Baseball

Whether the defensive shifts we see so often now are a fad or a permanent change in the game of baseball is yet to be determined, but here is one sure thing about them.   This is going to bring the bunt back into the game.   It has to.   The shift in the past was being used only against big, slow sluggers.  Now it is being used against guys who can run.    There is no doubt in my mind that some of those guys are going to be able to bunt well enough to defeat the shift.   I expect to see more bunts for a hit this season than I saw during all of the 1990s.    And I expect to see, sometime this summer, somebody bunt for a double.

 

College Basketball

I was thinking about trying to evaluate College Basketball Coaches’ records by a process similar to that we used here a month or two ago to look at baseball managers, which involves (among other things) comparing the success of their teams to reasonable expectations for the success of the teams.    This idea, however, immediately hits a road block.

In baseball, teams have a 50% relapse rate, which is fairly stable over time (although, of course, it varies widely from team to team.)    A team that is 20 games over .500 one year can expect to be 10 games over .500 the next season.   A team that improves by 12 games in one season can expect to drop back by 6 games the next season.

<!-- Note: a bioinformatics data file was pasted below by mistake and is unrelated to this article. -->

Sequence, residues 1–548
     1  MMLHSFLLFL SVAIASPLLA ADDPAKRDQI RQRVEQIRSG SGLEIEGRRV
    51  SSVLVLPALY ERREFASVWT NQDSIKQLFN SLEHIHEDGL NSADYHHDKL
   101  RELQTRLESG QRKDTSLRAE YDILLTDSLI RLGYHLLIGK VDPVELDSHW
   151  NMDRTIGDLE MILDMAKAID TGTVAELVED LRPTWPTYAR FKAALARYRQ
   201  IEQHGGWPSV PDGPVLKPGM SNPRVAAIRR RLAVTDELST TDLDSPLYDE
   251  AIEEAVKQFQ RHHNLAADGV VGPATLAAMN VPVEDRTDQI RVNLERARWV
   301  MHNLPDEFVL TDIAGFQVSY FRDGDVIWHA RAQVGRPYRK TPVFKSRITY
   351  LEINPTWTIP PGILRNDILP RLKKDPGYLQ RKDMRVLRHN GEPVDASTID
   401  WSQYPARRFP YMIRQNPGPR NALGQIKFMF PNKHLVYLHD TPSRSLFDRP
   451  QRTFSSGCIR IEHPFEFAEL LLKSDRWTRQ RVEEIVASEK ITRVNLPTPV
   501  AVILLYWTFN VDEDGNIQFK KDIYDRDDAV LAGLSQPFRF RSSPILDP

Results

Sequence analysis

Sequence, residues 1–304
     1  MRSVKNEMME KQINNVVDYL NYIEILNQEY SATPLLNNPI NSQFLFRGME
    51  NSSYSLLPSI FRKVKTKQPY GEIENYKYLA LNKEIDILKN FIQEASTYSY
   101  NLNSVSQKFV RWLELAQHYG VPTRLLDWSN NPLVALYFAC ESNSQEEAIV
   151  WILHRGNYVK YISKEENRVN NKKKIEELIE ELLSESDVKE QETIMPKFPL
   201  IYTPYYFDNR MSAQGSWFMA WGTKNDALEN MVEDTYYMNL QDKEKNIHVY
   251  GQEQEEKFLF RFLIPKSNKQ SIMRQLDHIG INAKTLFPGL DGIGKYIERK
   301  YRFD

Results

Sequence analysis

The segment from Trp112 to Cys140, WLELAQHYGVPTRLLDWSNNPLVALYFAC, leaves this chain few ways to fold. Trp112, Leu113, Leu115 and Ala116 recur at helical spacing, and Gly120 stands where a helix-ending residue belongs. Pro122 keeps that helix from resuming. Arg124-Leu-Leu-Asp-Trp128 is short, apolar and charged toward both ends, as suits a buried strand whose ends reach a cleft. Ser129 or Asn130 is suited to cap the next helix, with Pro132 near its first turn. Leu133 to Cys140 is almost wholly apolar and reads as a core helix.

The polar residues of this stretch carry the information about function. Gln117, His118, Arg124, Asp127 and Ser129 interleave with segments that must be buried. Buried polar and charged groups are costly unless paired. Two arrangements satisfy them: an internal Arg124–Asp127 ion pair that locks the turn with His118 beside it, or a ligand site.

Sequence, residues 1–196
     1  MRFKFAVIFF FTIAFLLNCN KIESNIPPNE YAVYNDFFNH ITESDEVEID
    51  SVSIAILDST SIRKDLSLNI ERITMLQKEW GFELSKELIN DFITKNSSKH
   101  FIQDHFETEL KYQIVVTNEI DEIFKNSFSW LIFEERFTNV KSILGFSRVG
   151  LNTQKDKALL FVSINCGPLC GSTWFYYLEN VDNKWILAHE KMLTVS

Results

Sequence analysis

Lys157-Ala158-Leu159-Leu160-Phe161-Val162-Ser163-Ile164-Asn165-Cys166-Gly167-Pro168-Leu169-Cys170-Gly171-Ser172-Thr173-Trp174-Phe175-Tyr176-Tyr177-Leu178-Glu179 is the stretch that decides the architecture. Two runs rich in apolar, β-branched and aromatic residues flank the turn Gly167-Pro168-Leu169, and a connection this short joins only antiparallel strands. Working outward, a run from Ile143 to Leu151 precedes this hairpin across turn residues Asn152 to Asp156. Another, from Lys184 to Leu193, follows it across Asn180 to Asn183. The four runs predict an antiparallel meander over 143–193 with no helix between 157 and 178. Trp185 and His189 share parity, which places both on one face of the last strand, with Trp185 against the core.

In college basketball and college football, though, the relapse rates are totally different.    If you look at the powerhouses in college basketball in the 1990s, the 1980s, the 1970s, the 1960s, what you notice immediately is that most of them are still powerhouses today.     Duke finished the 2012-2013 season with a record of 30-6.  A baseline expectation for them for next season wouldn’t be 24-12; it would be more like 27-9 or 28-8.  

Before you could do the same study in NCAA basketball, you’d first have to establish what the normal "central tendency drift" is.     

 

Basketball II

                CBS has done a terrific job with the tournament.   The game broadcasters, unlike certain unnamed clowns who work for ESPN, are mostly inoffensive, and sometimes very good.   The "big five" panel of Charles Barkley, Greg Anthony, Doug Gottlieb, Kenny Smith and Greg Gumbel is absolutely tremendous.   It’s five smart guys who know basketball, have fun with the game, and aren’t afraid to say what they think.   I’ve enjoyed it.  

 

                I’ll have a much longer article tomorrow about the Jeffrey MacDonald case.   Thanks for reading.

 

Bill

 
 

COMMENTS (16 Comments, most recent shown first)

mauimike
Mr. James, has "never advocated anarchy in any form," but he lives it rather well. Most of us do. If we could just get rid of those psychopaths, who rise to the top, like crap, then we could just argue and work things out among ourselves. To many people? Perhaps. What if we're all connected?....Who knows. And they call me a pessimist.
2:49 AM Apr 11th
 
mauimike